We’re a globe-trotting bunch here at BAMM: a bit like Phileas Fogg, but with a far cooler record collection. Last week we rounded up our fantastic Global Scene: London series, which took an in-depth look at the musical comings and goings of the UK hotspot.
Now? Now we’re casting our gaze further in Europe, and focusing on the vibrant musical topography of Amsterdam: a city with lots of soundscape-based secrets, all ready to be unveiled. Take a look at this week’s episode – an introduction which acts as a handy primer for the awesome stuff you’re going to see. Enjoy!
Its always sad when a great band calls it a day, and even sadder when that break-up is something that almost seems to go unnoticed. Even if you’re already a fan of Los Angeles indie-rockers Rilo Kiley, it might have passed you by that they decided to go their separate ways earlier this year. The group had already been on a creative hiatus, but lead guitarist Blake Sennett broke the bad news in July: this temporary split was to become a permanent one.
If you haven’t heard of Rilo Kiley, well, let’s face it: their catalogue ain’t gonna grow anytime soon, so now’s the ideal chance to fully acquaint yourself with one of the most underrated bands of the past few years. Fronted by the luminescent Jenny Lewis (who instantly became the poster girl for lonely indie boys nationwide), their melodic, smart, sassy output spanned four full length albums, of which the two most recent (2004’s ‘More Adventurous’ and 2007’s ‘Under The Blacklist’) solidified their sound perfectly.
This isn’t to say that they were totally unappreciated during their twelve years together. Rilo Kiley were indeed heralded by certain quarters as the ‘next big thing’ roundabout the mid-noughties, with magazines such as Rolling Stone and Word continually championing them. The fact that they didn’t become megastars makes this hype something of a double-edged sword: they could rather unfairly be seen as having ‘failed’ to break the big-time, when that was far from their primary artistic objective. That objective remained constant to the end: to make great music.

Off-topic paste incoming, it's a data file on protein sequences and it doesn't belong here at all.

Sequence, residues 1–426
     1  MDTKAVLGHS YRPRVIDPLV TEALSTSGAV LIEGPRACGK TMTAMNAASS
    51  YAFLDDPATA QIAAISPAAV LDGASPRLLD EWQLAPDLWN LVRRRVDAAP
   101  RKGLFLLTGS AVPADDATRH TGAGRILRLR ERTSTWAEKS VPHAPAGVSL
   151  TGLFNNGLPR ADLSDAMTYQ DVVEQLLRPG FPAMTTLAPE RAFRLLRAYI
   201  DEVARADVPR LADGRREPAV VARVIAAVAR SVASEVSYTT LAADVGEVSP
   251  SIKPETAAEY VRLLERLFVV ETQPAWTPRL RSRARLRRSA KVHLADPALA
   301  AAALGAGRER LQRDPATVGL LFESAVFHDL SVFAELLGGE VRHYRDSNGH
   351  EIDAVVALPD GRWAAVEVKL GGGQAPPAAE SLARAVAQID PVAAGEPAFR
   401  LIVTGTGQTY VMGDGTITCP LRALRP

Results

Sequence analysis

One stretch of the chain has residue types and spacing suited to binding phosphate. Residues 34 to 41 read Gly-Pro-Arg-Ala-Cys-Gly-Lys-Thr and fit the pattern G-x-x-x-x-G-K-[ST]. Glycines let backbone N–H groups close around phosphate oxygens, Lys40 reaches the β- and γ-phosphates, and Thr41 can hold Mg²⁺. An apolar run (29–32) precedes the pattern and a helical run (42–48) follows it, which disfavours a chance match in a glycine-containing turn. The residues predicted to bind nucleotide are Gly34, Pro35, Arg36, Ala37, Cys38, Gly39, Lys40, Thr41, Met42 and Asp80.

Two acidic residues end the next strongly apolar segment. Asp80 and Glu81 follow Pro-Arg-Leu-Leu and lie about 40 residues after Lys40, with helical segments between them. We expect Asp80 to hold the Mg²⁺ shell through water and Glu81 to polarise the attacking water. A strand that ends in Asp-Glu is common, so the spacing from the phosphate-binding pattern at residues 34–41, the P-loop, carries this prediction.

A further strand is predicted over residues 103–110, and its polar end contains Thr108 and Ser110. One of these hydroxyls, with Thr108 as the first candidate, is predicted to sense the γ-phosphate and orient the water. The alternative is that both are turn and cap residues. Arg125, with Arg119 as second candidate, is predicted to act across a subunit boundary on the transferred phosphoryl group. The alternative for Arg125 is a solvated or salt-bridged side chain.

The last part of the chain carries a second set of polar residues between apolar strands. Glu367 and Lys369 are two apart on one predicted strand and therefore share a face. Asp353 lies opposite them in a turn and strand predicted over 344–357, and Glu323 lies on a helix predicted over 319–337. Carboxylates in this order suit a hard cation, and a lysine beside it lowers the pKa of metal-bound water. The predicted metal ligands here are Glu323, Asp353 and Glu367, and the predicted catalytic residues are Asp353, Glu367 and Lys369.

Thankfully all the band members remain active, so that Kiley magic will be sprinkled across numerous new creative ventures in the future. Still – it’s a shame that (barring a reunion, which is so often a bad idea) we’ll be hearing no more literary pop-rock from this very special band.
Some bands are just too good to actually exist – should their awesomeness manifest itself in the real world, chances are the very fabric of reality could collapse in on itself. Maybe. Probably. Look, we haven’t researched the scientific logistics of the whole thing. We’re not Stephen Hawking, you know.
Take our hand (come on, its winter, you could use the body warmth) and join us for a rundown of the Top 5 Greatest Fictional Bands in history …
(Note: we decided not to include Spinal Tap in this list, because that would possibly be the most obvious thing ever, and we’re nothing if not contrary).
5. Wyld Stallyns – ‘Bill And Ted’s Excellent Adventure’
Okay, so they can’t actually play (despite a plot device in which their future songwriting skills help unite the planet in peace) but we’ll be damned if an evening at a Bill and Ted gig wouldn’t be the best party this side of 1988.
4. The Soggy Bottom Boys – ‘O Brother Where Art Thou?’
George Clooney gets in touch with his bluesgrass side – with remarkable singalong results – in The Coen Brothers’ 2000 comedy masterwork.
3. Three Times One Minus One – ‘Mr Show’
Hilariously bad spoof act from comic geniuses David Cross and Bob Odenkirk (whose TVcomeback in recent years has seen him killing it in ‘Breaking Bad’). If these guys actually existed, there’s no doubt that even whistling one of their tunes would get you laid in a heartbeat.
2. Dr. Teeth and the Electric Mayhem – ‘The Muppet Show’
Our furry friends rock out to the utmost.
1. The Commitments – ‘The Commitments’
Often regarded as the best Irish film of all time, it’s very telling that the producers placed musical ability at the top of their casting wish-list. They wished, and they most certainly got it.
British pop legend Kate Bush has been responsible for a few stone-cold classics during her 30-plus years in the business: tunes like Running Up That Hill and Army Dreamers sound as unique today as they always did. Distinctive, madcap, emotive and haunting, Bush is one of the few female solo artists to marry critical acclaim and massive commercial success almost entirely on her own terms.